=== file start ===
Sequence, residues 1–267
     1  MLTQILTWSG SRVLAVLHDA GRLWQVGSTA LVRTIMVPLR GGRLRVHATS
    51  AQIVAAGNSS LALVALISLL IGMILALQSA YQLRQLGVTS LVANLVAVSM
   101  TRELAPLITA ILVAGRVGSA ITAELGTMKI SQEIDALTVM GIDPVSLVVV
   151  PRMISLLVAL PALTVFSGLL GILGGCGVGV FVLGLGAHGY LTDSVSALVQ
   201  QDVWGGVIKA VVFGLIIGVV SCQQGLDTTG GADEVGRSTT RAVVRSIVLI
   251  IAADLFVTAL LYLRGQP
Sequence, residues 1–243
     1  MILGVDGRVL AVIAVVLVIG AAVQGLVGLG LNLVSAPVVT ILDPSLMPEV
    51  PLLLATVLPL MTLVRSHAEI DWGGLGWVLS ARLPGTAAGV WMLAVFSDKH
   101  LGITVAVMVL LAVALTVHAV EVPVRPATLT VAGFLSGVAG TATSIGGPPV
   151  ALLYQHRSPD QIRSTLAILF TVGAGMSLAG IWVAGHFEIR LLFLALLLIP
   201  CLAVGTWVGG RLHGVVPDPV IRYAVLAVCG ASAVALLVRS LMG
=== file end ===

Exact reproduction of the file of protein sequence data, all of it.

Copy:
Sequence, residues 1–267
     1  MLTQILTWSG SRVLAVLHDA GRLWQVGSTA LVRTIMVPLR GGRLRVHATS
    51  AQIVAAGNSS LALVALISLL IGMILALQSA YQLRQLGVTS LVANLVAVSM
   101  TRELAPLITA ILVAGRVGSA ITAELGTMKI SQEIDALTVM GIDPVSLVVV
   151  PRMISLLVAL PALTVFSGLL GILGGCGVGV FVLGLGAHGY LTDSVSALVQ
   201  QDVWGGVIKA VVFGLIIGVV SCQQGLDTTG GADEVGRSTT RAVVRSIVLI
   251  IAADLFVTAL LYLRGQP
Sequence, residues 1–243
     1  MILGVDGRVL AVIAVVLVIG AAVQGLVGLG LNLVSAPVVT ILDPSLMPEV
    51  PLLLATVLPL MTLVRSHAEI DWGGLGWVLS ARLPGTAAGV WMLAVFSDKH
   101  LGITVAVMVL LAVALTVHAV EVPVRPATLT VAGFLSGVAG TATSIGGPPV
   151  ALLYQHRSPD QIRSTLAILF TVGAGMSLAG IWVAGHFEIR LLFLALLLIP
   201  CLAVGTWVGG RLHGVVPDPV IRYAVLAVCG ASAVALLVRS LMG